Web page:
The Risks    Conservation

The Life of Wild Elephants

Elephants are the largest land mammals living on the Earth today. They have no natural predators—other than man—and can live between 50 and 70 years. They need a large range of area in which to live, forage, travel, breed, and raise families, and the climates of Africa and Asia are perfect for these activities. Elephants naturally live in herds with clearly established and linear social orders. Males and females live distinctly different lives; females live out their existences in tightly knit groups with other females—usually mothers, daughter, aunts, and sisters—led by the matriarch, the eldest female. While female elephants live socially active lives, interacting with males on the borders of their groups, with females from other herds, as well as female members of other herds and populations they meet.

To contrast this starkly, males live independent, solitary lives. As they grow, they spend more and more time on the outskirts of the herd, eventually wandering away from the group first for hours, then days, then weeks at a time. When he nears the age of fourteen, he departs from the herd for good, and sets out to begin his own life. While males encounter other males and form loose bachelor herds, their interaction is usually aggressive but results in few injuries, battling over breeding rights for choice females; it is the older males who usually win these encounters, and the younger males must continue to wait.

Elephants are very communicative. They have a wide range of communication styles and sounds; the call they are famous for is the trumpet call, which they make by blowing air through their nostrils. Other sounds include growls made when meeting, roars made when confronting another animal, and communicate over long distances with infrasound. Infrasound is a sub-sonic rumbling, which can travel longer distances than higher frequencies; elephants use this form of communication largely when they are navigating.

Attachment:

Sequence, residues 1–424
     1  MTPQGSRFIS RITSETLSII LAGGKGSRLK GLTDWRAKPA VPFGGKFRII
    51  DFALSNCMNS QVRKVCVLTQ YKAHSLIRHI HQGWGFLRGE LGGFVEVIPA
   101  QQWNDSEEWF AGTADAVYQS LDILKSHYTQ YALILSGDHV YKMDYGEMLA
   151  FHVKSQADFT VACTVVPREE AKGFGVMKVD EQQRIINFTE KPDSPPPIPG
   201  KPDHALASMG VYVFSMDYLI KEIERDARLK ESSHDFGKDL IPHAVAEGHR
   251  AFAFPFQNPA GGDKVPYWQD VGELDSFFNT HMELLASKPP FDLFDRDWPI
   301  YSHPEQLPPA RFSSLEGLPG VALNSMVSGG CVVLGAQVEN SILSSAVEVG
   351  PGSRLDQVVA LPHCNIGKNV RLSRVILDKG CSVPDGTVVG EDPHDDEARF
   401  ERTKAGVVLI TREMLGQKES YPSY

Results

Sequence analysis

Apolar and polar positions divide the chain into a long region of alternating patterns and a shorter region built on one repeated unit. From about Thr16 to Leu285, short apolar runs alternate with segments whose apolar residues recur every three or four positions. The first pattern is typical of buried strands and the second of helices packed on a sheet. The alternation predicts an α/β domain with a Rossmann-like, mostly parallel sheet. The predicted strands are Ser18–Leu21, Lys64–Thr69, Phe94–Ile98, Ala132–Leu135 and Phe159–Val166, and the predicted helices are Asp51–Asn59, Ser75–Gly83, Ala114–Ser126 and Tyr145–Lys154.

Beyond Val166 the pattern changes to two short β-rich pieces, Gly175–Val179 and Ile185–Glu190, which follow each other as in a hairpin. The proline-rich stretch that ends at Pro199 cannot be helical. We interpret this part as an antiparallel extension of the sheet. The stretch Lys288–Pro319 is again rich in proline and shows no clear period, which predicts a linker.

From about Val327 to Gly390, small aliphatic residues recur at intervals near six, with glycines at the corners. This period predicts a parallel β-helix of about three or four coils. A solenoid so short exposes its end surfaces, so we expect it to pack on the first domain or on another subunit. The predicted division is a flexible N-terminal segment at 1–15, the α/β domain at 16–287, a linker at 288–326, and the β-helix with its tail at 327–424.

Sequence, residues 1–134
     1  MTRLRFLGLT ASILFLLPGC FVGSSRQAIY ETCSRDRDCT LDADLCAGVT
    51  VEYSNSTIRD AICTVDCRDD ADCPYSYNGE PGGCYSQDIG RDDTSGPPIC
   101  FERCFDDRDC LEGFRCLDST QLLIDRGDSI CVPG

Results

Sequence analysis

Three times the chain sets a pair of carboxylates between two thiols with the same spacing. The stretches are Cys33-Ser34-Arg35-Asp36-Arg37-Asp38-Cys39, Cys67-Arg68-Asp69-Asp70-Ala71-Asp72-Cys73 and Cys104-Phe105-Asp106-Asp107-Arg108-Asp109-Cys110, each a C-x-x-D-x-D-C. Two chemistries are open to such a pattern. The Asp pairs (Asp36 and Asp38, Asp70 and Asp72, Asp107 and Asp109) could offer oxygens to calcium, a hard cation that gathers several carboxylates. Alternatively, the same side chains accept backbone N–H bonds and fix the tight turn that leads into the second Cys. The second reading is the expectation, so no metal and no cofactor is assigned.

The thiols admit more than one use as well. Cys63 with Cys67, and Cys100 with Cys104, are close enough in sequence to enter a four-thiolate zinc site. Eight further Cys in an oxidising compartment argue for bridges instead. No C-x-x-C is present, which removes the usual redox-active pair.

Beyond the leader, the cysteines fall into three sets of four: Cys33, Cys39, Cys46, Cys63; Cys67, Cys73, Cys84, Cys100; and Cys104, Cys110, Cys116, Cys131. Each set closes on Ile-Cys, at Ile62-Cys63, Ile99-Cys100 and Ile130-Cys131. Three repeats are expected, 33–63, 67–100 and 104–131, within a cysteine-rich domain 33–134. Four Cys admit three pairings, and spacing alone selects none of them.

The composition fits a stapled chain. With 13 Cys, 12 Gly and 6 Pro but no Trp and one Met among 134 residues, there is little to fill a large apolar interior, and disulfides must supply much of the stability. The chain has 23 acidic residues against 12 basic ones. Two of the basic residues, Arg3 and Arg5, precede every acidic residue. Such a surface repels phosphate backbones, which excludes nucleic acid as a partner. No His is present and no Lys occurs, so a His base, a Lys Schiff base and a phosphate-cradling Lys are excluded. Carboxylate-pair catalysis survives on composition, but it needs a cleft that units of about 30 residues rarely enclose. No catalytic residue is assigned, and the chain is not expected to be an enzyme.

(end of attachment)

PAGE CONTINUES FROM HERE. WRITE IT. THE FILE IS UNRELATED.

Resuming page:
Diets are herbivores—they only eat plant matter—and spend an average of 16 hours a day searching for food. Traditional elephant diets are 50% grasses, and the remainder is leaves, bamboo, twigs, bark, roots, as well as small amounts of fruits, seeds, and nuts. An adult elephant can eat between 300 and 600 pounds of food each day, and more than half of it leaves the elephant’s body undigested.

Many other species depend on elephants. One example is that of the commensal relationship between the elephant and the termite. Termites need the elephant for both housing and food; termites eat elephant faeces and build their mounds underneath piles of elephant faeces. By pulling down and breaking tree branches during foraging, elephants clear areas for new trees and other forms of vegetation to grow, helping to continue the life cycle. They also serve as road builders, clearing paths through difficult terrain and making way for other animals that would otherwise be unable to travel to the same locale.

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